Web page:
Overlooking a sunken pond area we were surprised to see an odd assortment of animals including deer, peacocks, chickens, ducks and I can’t remember what else. We couldn’t tell if they were enclosed there like a zoo or free to roam or how they got there and no explanation was provided. But it wasn’t far to dinner now and we had a decent one, same white asparagus and local wine that we had come to expect with every meal, and booked it back to the albergue which closed its doors at 10.
We were lucky enough to have been given a 4 person room, sometimes smaller rooms are more expensive but they were all the same price here and because we were so early we both had bottom bunks. We had it to ourselves most of the day but there were 2 women there when we arrived. They were nice and this was fine but if I looked forward to being lulled to sleep by the rain and the gently rolling river I was up for a rude awakening…literally. One of the women snored like a horse. I had earplugs in but it made little difference. Well I suppose this is a typical Camino experience. Le sigh.
In the morning we skipped the albergue breakfast which we had come to discover is often 4€ for basically white bread which you may or may not be able to toast. This varies of course but usually grabbing a baguette either the day before or if you’re near a town an hour or so into your hike is a better plan and we had delicious ham from a store we visited in the plaza.
Today would also be an iconic day as the pilgrim statue at the top of the Sierras del Perdón was on our way. We stopped to have our snack at a little pond a ways before there and met a woman named Diana. When we got to the top she took some really great snapshots of us imitating the monument. There’s a tale that tells it was here that the devil tempted some thirsty pilgrims asking them to renounce god, Mary or at least Saint James but they refused. In contrast we were fine sitting for a moment having a Coke from the stand that was set up there.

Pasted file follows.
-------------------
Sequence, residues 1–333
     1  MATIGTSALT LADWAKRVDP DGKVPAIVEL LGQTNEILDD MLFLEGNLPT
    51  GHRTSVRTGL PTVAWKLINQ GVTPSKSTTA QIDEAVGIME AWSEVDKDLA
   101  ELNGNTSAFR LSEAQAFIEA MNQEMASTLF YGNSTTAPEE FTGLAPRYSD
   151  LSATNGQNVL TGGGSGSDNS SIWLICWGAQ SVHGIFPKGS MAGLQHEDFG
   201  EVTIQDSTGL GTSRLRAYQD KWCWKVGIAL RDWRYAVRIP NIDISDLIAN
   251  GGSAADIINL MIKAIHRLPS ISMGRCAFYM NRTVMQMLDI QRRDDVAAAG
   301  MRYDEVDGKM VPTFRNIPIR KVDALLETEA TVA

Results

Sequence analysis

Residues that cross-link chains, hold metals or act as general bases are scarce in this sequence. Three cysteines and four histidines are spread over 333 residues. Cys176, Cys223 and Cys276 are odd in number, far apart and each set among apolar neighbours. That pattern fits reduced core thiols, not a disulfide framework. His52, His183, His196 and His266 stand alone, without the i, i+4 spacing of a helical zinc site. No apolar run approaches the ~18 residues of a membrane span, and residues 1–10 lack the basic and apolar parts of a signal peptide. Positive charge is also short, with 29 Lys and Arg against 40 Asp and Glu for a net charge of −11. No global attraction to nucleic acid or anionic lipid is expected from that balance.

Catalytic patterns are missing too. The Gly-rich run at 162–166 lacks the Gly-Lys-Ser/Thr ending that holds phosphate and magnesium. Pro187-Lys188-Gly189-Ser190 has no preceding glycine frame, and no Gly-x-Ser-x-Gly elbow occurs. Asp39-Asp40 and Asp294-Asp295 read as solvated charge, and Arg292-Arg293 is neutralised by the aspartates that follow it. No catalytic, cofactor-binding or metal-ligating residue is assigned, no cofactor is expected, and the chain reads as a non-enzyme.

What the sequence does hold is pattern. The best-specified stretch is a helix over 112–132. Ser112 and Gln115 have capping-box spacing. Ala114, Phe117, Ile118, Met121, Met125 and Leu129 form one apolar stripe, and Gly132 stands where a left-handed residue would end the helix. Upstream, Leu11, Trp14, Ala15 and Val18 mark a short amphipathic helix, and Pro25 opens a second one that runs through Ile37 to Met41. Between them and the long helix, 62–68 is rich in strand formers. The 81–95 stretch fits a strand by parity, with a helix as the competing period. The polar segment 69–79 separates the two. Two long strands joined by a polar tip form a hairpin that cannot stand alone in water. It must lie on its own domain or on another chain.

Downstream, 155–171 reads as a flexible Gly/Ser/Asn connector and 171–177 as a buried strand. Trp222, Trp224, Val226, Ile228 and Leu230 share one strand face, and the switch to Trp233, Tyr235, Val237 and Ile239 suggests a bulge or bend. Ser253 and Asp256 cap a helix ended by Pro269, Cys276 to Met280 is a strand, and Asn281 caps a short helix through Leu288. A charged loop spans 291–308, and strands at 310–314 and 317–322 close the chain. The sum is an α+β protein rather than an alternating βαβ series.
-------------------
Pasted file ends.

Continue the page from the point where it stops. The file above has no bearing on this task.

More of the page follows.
The way up had been dotted with raindrops but I had put in headphones and tried to keep Vanessa entertained by dancing up the trail but the way down was fairly grueling. Rocks are common on the Camino but these were numerous and in combination with the downward angle was pretty grueling.
We didn’t stop at the very first town at the bottom but when we saw a nice looking albergue in the countryside right before the next we did. Albergue El Jardín de Maruzebál was a cute little house that had just filled up but she said she could offer us a couple pullout beds in the basement living room. Although it meant we couldn’t rest right away it also meant we would have the space to ourselves from after dinner until breakfast was set up there at 6am so we said yes.
Once again there was a pool but it was pretty cold and the air wasn’t that warm either even though on the trail we had been sweating profusely. We tried to get in but only did about to the waist. The next day was supposed to be hot and we pondered taking a break and going to San Sebastián but we had to walk to the next town to catch the bus anyway so decided to wait until morning and see how we felt.
Dinner was probably the best we had of the trip thus far and was several courses that included Spanish tortillas (have I talked about those before? It’s kind of like an omelette), pork loin, salad, and red wine from Obanos, the next town over. We met other people from Oregon, a hilarious mother daughter duo and a couple Spanish women from Barcelona who I had a fascinating conversation with about an upcoming referendum on Catalonia independence.
We went to bed happy and full not knowing that some hard times were ahead.